| Introduction|| |
Antimicrobial resistance (AMR) is a threatening public health phenomenon which is presently among the biggest burden on the health-care system, considering it will render the old medicines ineffective and the new ones unaffordable.,, India is the leading antibiotic consumer of world for humans (with 12.9 × 109 units consumption every year) and animals (among the top five antibiotic consumers).,
Antimicrobials stewardship programs (AMSPs) are being initiated to optimize the use of antimicrobials and improve patient outcomes. AMSP is defined as “the optimal selection, dosage, and duration of antimicrobial treatment that results in the best clinical outcome for the treatment or prevention of infection, with minimal toxicity to the patient and minimal impact on subsequent resistance.”
In 2018, the Indian Council of Medical Research (ICMR) formulated the AMSP guidelines consisting of the main components application which will reduce the effects of AMR. This review attempts to address the issue of AMR by highlighting the need for AMSP. Through this review, the implementation of various AMSP strategies in India will be assessed along with the present shortcomings in the application of AMSP in India.
Through the medium of this review, three objectives were worked upon. These objectives were designed to identify and illustrate the need and means to promote AMSP to control the growing surge of AMR in India. The objectives addressed are as follows:
- To highlight the need of AMSPs
- To explore the implementation of AMSPs in India
- To identify the possibly missing components of AMSP implementation in India.
| Methodology|| |
To address the objectives of this review, means of literature review was used to first identify appropriate research papers which accessed the implementation of AMSP or at least one of its components in health-care facilities in India. Literature review was used to address all the objectives as it led to comprehensive findings in the desired field area with substantial emphasis on AMSP. It also led to identification of the recent work done in a more systematic manner.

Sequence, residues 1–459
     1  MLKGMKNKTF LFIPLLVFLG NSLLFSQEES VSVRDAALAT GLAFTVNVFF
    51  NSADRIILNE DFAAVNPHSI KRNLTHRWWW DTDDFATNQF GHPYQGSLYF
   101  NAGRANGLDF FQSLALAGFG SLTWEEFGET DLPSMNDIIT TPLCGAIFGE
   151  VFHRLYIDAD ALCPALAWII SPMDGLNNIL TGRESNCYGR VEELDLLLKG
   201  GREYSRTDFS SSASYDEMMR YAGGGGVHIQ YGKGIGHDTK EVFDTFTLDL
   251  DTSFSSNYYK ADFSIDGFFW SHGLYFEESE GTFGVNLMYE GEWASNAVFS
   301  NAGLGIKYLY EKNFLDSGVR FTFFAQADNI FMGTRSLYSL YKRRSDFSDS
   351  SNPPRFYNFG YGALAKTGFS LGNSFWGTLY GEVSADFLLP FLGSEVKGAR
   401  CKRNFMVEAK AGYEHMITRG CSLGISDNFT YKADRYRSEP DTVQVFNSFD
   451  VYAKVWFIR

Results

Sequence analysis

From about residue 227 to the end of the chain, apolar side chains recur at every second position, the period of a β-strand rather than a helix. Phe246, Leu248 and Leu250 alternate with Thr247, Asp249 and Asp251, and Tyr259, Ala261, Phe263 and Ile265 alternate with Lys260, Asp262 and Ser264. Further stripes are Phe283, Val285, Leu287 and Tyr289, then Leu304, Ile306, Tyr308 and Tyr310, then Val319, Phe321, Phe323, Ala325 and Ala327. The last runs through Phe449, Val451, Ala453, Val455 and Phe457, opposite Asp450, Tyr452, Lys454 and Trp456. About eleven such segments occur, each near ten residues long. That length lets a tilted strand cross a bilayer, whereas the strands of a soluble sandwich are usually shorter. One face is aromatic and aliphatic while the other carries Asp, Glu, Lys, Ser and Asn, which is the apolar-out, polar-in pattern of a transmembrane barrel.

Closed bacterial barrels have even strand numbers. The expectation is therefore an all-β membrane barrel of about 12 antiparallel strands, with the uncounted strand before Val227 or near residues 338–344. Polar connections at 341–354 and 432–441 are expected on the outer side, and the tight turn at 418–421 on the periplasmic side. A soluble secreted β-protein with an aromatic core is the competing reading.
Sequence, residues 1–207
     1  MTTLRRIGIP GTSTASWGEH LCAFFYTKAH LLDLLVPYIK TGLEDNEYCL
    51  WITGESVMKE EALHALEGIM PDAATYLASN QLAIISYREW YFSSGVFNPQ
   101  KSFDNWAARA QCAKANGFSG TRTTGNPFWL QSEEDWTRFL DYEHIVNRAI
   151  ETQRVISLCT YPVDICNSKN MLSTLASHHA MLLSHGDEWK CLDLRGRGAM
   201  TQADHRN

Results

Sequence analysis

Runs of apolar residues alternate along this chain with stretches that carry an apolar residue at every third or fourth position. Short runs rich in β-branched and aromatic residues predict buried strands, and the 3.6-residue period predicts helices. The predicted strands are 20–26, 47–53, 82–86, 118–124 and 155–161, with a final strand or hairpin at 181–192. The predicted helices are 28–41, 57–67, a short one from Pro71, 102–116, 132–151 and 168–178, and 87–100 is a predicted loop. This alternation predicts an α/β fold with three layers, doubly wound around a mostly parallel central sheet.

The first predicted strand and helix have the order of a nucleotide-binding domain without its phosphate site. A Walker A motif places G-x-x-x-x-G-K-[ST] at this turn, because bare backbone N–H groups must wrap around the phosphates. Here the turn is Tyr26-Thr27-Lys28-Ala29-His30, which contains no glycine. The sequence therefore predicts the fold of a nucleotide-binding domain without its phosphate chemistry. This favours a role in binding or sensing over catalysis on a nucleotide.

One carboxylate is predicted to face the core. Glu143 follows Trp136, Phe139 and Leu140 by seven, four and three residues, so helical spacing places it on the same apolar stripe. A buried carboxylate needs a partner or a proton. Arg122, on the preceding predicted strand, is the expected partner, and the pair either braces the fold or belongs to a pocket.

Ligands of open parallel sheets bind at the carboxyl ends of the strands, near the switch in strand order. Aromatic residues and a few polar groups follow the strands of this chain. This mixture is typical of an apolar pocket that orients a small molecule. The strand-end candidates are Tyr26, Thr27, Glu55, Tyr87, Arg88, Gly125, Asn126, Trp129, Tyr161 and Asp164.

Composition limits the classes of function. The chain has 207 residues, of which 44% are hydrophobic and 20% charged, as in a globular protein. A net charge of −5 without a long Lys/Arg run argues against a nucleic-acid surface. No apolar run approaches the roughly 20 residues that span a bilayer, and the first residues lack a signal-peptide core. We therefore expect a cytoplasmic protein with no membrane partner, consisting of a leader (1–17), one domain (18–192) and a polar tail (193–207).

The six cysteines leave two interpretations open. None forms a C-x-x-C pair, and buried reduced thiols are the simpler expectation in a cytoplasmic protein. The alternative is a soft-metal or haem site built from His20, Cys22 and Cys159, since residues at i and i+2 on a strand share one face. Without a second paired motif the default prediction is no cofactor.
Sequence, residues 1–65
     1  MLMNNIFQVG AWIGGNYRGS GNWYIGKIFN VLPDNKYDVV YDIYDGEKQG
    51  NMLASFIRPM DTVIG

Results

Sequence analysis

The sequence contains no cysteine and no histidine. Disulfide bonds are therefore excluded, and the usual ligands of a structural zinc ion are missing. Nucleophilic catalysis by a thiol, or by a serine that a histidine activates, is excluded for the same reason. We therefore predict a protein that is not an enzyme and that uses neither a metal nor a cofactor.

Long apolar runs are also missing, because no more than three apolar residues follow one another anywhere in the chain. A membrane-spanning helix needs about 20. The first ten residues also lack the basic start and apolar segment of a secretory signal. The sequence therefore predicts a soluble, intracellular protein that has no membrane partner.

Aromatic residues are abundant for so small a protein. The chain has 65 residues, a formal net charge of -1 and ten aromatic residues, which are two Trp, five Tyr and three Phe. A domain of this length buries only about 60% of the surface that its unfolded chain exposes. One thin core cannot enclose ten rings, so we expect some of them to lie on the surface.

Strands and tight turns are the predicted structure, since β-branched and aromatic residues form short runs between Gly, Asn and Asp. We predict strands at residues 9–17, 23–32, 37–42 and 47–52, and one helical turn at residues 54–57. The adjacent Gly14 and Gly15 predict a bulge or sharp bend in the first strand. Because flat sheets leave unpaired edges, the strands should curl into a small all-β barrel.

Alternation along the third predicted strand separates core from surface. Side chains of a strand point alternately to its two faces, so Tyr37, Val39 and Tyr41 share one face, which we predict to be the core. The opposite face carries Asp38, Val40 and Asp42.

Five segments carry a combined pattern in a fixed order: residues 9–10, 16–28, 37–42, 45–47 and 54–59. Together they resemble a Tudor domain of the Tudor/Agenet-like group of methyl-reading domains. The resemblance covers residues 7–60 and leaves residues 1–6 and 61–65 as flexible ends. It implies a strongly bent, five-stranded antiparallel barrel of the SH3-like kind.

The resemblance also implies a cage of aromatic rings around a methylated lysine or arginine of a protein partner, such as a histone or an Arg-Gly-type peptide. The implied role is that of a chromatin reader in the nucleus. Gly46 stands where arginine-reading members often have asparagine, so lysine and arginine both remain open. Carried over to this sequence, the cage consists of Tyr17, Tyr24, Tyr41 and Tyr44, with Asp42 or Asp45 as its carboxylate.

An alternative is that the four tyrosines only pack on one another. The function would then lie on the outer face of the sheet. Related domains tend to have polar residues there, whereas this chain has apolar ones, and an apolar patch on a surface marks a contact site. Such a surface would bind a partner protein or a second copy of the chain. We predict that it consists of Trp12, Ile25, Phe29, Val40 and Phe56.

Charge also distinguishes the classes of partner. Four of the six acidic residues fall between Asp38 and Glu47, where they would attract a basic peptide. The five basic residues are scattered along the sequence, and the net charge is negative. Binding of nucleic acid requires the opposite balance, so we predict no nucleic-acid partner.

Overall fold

Comprehensive research using web-based search engines such as Google Scholar and Ovid was conducted using a combination of search string: AMSP, ASP, implementation, impact, antibiotic stewardship, antimicrobial surveillance, infection control, and resistance control. The preliminary search on PubMed was conducted using MeSH terms such as “antimicrobial drug resistance AND antimicrobial stewardship in India AND antibiotic stewardship. The search yielded thirty papers between the time period of 2008 and 2019 which were shortlisted on the basis of abstract of these studies. To further filter the studies, PICO inclusion and exclusion criteria were set up as demonstrated in [Table 1].
Based on the inclusion–exclusion criteria, 17 papers were taken up for this review. [Figure 1] outlines the flowchart for selection of these 17 studies based on the PRISMA statement guideline.
Data from these papers were extracted on the basis of characteristics of the area of study, type of intervention, the main findings of the articles, and the general characteristics of study such as publication year, study design, and author's name. For further supplementation of information, the following websites were used for gray literature: The World Health Organization, Centre for Disease Control and Prevention and ICMR.